The 2014 World Cup kicks off on Thursday, June 12 when host nation Brazil takes on Croatia. Investors may want to consider the iShares MSCI Brazil Capped ETF (EWZ) and related Brazil ETFs as World Cup wagers rather than placing bets online or with their local bookmaker.
Seriously. Goldman Sachs says Brazil has a 48% chance of winning its sixth World Cup title and if it does, Goldman expects Brazilian equities to rally in the weeks following the tournament final, Scott Hamilton reports for Bloomberg.
The victor country’s equity markets outperform global stocks by 3.5 percent on average in the first month after winning, “although the outperformance fades significantly after three months,” Bloomberg reports, citing Goldman.
EWZ, the largest ETF tracking Latin America’s largest economy, is up 9% year-to-date making it the second-best of the four major single-country ETFs tracking BRIC nations. Only the WisdomTree India Earnings Fund (EPI) has been better than EWZ. [Value Shift in Emerging Markets]
With odds of 3/1, according to Sky Bet, Brazil is the prohibitive favorite to win the World Cup followed by Argentina at 9/2.
On the surface, it would appear easy to dismiss the impact the result of an international football match can have on a country’s equity markets, but data prove otherwise. In a 2007 paper published in The Journal of Finance ,Wharton Professor Alex Edmans, Diego Garcia of North Carolina’s Kenan-Flagler Business School and Oyvind Norli of the Norwegian School of Management looked at equity market changes tied to sudden changes in investors’ moods.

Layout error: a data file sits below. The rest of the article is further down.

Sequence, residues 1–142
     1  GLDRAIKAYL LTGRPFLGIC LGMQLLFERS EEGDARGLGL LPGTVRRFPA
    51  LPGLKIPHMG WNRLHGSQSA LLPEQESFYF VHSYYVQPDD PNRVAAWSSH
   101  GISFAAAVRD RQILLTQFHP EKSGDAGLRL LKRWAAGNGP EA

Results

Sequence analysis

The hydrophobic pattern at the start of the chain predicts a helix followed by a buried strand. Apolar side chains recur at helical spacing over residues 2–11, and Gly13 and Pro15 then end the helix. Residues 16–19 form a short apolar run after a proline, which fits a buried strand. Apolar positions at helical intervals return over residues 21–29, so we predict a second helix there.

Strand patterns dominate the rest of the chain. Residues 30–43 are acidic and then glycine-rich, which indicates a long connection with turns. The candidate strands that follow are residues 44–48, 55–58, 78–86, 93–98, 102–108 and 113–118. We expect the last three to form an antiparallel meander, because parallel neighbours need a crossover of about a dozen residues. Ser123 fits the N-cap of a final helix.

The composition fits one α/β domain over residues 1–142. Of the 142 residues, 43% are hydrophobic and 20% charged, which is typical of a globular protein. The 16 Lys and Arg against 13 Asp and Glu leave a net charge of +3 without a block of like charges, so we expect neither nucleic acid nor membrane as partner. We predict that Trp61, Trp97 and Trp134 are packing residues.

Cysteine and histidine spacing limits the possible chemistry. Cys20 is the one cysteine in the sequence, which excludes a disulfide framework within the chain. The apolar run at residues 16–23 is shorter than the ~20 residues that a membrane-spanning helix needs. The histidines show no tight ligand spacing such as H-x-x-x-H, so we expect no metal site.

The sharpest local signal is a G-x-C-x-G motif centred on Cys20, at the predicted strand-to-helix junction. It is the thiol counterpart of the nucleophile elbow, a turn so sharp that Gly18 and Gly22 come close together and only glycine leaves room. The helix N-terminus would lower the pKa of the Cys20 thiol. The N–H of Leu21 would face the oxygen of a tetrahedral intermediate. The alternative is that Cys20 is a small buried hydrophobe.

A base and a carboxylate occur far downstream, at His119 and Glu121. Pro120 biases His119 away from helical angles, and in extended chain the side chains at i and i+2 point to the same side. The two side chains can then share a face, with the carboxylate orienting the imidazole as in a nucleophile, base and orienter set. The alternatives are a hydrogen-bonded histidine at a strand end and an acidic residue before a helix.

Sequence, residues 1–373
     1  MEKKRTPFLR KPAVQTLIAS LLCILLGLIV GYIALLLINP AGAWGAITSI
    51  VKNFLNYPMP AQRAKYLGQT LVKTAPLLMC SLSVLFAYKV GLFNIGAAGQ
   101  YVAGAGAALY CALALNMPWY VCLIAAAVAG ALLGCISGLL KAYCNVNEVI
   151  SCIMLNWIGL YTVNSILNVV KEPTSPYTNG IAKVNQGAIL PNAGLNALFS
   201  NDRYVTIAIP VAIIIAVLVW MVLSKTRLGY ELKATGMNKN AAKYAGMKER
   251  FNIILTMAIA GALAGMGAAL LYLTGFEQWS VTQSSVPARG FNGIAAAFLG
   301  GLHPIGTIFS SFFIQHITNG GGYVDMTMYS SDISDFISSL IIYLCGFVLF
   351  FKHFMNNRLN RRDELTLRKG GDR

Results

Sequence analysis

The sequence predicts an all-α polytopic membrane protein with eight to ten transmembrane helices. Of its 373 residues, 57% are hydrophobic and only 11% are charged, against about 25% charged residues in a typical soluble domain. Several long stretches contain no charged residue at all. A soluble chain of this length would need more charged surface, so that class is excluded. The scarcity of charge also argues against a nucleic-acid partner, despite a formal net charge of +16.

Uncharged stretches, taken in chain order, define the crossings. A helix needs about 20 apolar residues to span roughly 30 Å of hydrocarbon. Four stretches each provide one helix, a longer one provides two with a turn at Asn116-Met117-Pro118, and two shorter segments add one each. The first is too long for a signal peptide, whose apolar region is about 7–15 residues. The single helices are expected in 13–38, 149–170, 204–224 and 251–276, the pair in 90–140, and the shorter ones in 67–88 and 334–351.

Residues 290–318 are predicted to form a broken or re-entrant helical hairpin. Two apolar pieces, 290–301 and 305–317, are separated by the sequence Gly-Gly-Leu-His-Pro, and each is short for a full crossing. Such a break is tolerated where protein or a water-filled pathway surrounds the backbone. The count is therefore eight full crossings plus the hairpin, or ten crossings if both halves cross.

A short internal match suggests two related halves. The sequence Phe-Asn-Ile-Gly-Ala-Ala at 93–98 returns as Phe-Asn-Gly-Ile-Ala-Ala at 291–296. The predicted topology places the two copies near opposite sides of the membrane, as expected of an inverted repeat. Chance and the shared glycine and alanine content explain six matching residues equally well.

Specifically, the paper examined investors’ moods in the days immediately following major international sports matches, including football (not the American version), cricket and rugby. The paper examined investor sentiment following 1,162 international soccer matches, 638 wins and 542 losses.
“For the sample of soccer countries, 181,796 trading days are not associated with a soccer match. The average return and standard deviation for these days are 5.8 and 144.9 basis points, respectively. The average return on days after an international soccer win is positive (5.0 basis points), but negative and significantly lower on days following a loss (−18.4 basis points). The standard deviation of returns is slightly higher after game days than for other days, but the difference is only minor. Looking across the different cups and stages in the competition, it is apparent that the loss effect is most pronounced for World Cup games and elimination games in general,” according to the paper.